Prey, pray. P-r-e-y is something that is hunted by a predator, while pray is speaking to God or making a request. Example: "Kyle prayed that the pitcher would strike out the batters one by one like a leopard taking off prey."

Number two: spell-check errors. Spell-check can be a blessing and a curse. It is a useful tool, but it can also mislead. Many writers trust it like it's infallible, but you'd be surprised how many spelling errors an editor in spite of the spell-check function. Word mix-ups are by far the most common misspellings. Spell-check might catch some of these errors, but it won't catch every mistake.

For example, perhaps you accidentally typed the word "loins" instead of "lions." Spell-check would pass over it, but a reader would not. Depending on the context, it might confuse readers or even make them laugh. Having a competent editor read the manuscript is worth the investment. Here are a couple more examples.

"Starring through the cage bars, the bares were angry," he rote. Obviously, it should read "Staring through the cage bars, the bears were angry," he wrote. Second example: "Writing has lead me to affectively take changes, which compliments my life." It really should read: "Writing has led me to effectively take changes, which complements my life." But a computer would be unable to understand the context of these words. Technically, these errors are properly spelled words. They're just in the wrong context. This is why you need an editor to interact with your manuscript, because the editor can see the context.

Number three: improper hyphen use. Hyphens are used and must be used in many ways of which an average writer isn't aware. Such as in a sentence like: "He worked full- and part-time jobs." Note there's a hyphen after the word full. Improper hyphenation can cause a lot of confusion. These errors, if not corrected by an editor, may even change the meaning of the intended sentence. The example below is a very basic one, however, it shows that hyphenating incorrectly, or neglecting to insert a hyphen, not only makes a sentence unclear, it often inadvertently changes the meaning of the sentence itself. Which is correct? Sentence one: "He went to the old book club" versus sentence two: "He went to the old-book club." Accuracy completely depends on what the writer means. In the first sentence, he went to a book club that has been around a long time. In the second example, he went to a club for people who collect old books.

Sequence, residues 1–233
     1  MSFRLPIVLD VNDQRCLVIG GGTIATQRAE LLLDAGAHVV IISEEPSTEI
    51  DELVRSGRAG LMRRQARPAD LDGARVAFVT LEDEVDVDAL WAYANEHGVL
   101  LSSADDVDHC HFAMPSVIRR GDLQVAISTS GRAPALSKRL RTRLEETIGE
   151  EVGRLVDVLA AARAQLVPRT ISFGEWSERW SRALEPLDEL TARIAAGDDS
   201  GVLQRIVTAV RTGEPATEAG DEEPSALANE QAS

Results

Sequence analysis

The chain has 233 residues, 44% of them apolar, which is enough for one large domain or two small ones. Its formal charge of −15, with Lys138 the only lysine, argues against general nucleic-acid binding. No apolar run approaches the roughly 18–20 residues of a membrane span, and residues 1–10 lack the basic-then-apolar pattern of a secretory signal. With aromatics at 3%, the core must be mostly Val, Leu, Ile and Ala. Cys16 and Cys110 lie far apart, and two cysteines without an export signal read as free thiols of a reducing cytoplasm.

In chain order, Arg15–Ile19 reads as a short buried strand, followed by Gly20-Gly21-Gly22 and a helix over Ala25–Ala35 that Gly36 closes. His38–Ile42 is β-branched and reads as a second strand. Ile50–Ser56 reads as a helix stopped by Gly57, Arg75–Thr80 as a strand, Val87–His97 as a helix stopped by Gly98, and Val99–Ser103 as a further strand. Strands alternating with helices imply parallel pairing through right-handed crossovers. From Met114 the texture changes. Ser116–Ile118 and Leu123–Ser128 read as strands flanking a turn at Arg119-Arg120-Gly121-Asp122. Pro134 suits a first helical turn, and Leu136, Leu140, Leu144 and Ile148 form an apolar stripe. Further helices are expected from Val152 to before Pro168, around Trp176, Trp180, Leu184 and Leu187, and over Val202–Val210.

Number four: unnecessary capitalization. While proper capitalization may not seem like an egregious mistake, unnecessary capitalization throughout a book can make sentences cumbersome to read and affect the overall look of the page. Capitalization might be the trickiest of editing decisions. Style guides as thick as dictionaries address when to capitalize and when not to. Context is key. It can take years of experience editing different types of books to make capitalization choices that result in professional copy and prose. For example, which is correct? Technically, all could be correct. In the first example, New York is capitalized because there is more than one state police department in New York, therefore New York is only capitalized. In the second example, New York State is capitalized because we're referring to New York State as a proper noun separate from New York City the proper noun. So we're specifically speaking about New York State the one and only, therefore all three are capitalized. In the last example, New York State Police Department is referring to the one and only New York State Police Department, thus all are capitalized. It depends on the context and the style applied in your book. That's why you want to make sure you work with a seasoned editor who knows how the context of the sentence dictates proper capitalization.

Number five: punctuation errors. It's not just about what you say, but how you say it. Punctuation to find your voice, your unique way of speaking to your reader. Which punctuation mark should you choose? Which one communicates the sentence to the reader the way you hear it in your head? Which one reflects your personal style and voice? A good editor polishes your punctuation to reflect your voice. No matter your subject matter, or whether your book is scholarly or casual, precise punctuation throughout your book breathes life into your words.